As it does every year, Hublot introduced an array of new timepieces at Baselworld 2015. This year, the brand also hosted one of the fair’s entertainment highlights: on March 22, a selection of guests gathered to watch a “live art” performance by Brazilian artist, painter and sculptor Romero Britto and Swiss enamelist Vanessa Lecci — both of whom also collaborated on a new, limited-edition Hublot watch.
Britto, who is influenced by the Pop Art and Cubism art movements, began his relationship with Hublot when he collaborated with the brand during last year’s Brazilian World Cup, for which he created the tournament’s iconic multi-colored soccer ball. This year, Hublot brought back Britto to fuse the traditional art of grand feu enameling with the contemporary aesthetics of Pop Art and Cubism to create the Hublot Classic Fusion Enamel Britto: a fusion of arts and crafts.
To thank Lecci for her work reproducing his work onto a dial, Britto painted a portrait of her live in front of a few dozen guests at the Hublot booth. Everyone left their seats to gather around Britto while he painted Lecci; this was immediately followed by Lecci demonstrating how she enamels the dial of the Classic Fusion using a microscope.
Artists in their own right, enamelists are masters at working with materials with properties requiring extensive knowledge of how they each react in temperatures required for their fusion onto the dial in miniature parameters. Guided by Britto’s lively and brightly colored artwork, the master dial-maker reproduces the outline of the design to the right scale, creating the miniature walls that will be filled with enamel, before stamping the dial in white gold to prepare it for the next stage, champlevé enameling.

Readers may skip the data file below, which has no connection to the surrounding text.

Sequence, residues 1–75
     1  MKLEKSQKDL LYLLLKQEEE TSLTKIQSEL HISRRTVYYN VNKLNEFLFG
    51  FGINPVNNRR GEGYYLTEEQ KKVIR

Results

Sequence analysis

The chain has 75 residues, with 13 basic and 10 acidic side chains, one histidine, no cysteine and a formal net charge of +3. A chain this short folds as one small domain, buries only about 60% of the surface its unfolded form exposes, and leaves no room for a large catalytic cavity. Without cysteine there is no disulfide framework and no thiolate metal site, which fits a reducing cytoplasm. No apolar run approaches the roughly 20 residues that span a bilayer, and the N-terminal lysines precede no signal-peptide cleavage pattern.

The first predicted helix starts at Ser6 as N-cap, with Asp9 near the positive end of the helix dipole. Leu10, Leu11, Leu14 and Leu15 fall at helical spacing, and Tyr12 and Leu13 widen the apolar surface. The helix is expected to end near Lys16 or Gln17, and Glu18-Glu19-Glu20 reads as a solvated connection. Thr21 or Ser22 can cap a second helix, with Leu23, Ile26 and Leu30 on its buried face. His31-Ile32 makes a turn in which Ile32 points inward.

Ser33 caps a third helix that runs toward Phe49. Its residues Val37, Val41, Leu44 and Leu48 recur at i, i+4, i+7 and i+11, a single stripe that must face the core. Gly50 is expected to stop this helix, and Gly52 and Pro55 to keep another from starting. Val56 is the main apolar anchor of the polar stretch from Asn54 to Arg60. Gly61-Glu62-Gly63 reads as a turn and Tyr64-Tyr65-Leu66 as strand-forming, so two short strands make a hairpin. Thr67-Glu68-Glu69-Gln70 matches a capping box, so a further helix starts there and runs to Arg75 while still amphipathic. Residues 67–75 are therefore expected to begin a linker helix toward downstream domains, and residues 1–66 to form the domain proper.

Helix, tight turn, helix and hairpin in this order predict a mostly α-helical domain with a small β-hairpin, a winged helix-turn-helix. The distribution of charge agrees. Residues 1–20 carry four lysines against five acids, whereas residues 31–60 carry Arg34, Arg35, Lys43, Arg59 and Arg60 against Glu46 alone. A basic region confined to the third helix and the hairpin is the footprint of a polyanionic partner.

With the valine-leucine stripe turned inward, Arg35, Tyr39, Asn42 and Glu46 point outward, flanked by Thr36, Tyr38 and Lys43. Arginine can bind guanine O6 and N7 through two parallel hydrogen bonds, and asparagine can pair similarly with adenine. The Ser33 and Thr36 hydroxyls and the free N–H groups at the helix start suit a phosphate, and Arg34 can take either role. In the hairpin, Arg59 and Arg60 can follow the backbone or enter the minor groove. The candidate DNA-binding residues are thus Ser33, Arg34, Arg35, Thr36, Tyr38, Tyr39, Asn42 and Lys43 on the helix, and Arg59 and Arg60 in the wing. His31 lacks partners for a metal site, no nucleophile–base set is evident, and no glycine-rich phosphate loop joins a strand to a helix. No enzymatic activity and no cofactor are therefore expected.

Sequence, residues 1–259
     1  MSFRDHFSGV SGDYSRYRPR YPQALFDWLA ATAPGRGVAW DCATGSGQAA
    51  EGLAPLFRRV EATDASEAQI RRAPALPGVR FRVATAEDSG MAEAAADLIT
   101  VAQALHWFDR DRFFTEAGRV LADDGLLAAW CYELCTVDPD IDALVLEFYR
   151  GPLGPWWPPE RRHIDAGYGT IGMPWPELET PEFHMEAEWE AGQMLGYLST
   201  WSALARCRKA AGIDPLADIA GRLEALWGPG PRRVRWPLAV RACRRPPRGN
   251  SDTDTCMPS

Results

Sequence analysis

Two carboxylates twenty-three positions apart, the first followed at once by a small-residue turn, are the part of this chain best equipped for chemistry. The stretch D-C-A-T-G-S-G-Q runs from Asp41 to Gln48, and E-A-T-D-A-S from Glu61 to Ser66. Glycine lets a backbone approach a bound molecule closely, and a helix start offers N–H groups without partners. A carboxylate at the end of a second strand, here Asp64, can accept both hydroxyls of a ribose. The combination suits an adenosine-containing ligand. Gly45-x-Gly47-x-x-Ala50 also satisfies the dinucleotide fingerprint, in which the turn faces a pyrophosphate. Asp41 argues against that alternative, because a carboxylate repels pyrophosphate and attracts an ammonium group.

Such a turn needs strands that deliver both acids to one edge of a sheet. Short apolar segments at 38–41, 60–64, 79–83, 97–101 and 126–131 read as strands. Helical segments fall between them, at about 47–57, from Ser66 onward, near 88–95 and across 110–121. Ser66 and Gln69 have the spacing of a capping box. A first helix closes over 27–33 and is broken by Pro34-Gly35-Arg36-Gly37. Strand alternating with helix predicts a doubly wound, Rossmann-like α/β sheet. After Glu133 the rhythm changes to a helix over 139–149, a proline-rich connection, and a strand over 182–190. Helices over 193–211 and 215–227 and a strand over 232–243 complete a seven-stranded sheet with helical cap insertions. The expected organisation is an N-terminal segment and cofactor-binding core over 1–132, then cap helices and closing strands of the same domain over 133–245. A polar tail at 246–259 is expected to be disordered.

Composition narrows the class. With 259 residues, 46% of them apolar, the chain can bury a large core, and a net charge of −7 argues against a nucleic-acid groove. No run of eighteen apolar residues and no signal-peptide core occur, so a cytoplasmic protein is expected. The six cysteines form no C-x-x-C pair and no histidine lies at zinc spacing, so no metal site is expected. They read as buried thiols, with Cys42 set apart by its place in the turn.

The enamelist grinds the enamel in a mortar before applying thin layers of powder to the dial, after which the colors are applied one at a time. To reproduce the original design as honestly as possible, the enamelist works with the enamel in the same way that Britto works with acrylics, using opaque colors. The enamelist chooses 12 opaque colors out of the 250 shades in the color palette, which happen to be the most delicate and sensitive to firing. Each color is fixed to the metal through successive firings at a temperature of approximately 800°C, until the final pattern appears after several days’ work.
In creating this dial, Britto found it very challenging to convey all he wanted to visually on such a miniaturized platform, but it was made possible by the enamel being divided into cells, or “cloisons”, which are so delicately produced that they are practically invisible. Britto’s designs take on a three-dimensional appearance in the two-dimensional space of the dial.
Hublot said that, with the Classic Fusion Enamel Britto, it set out to create a fusion of the arts using an age-old art with a modern design on the platform of horology. The watch is available in a platinum or ceramic case, with a black alligator strap stitched onto rubber; it will be produced as a 50-piece limited edition for the ceramic version and a 30-piece limited edition for the platinum version.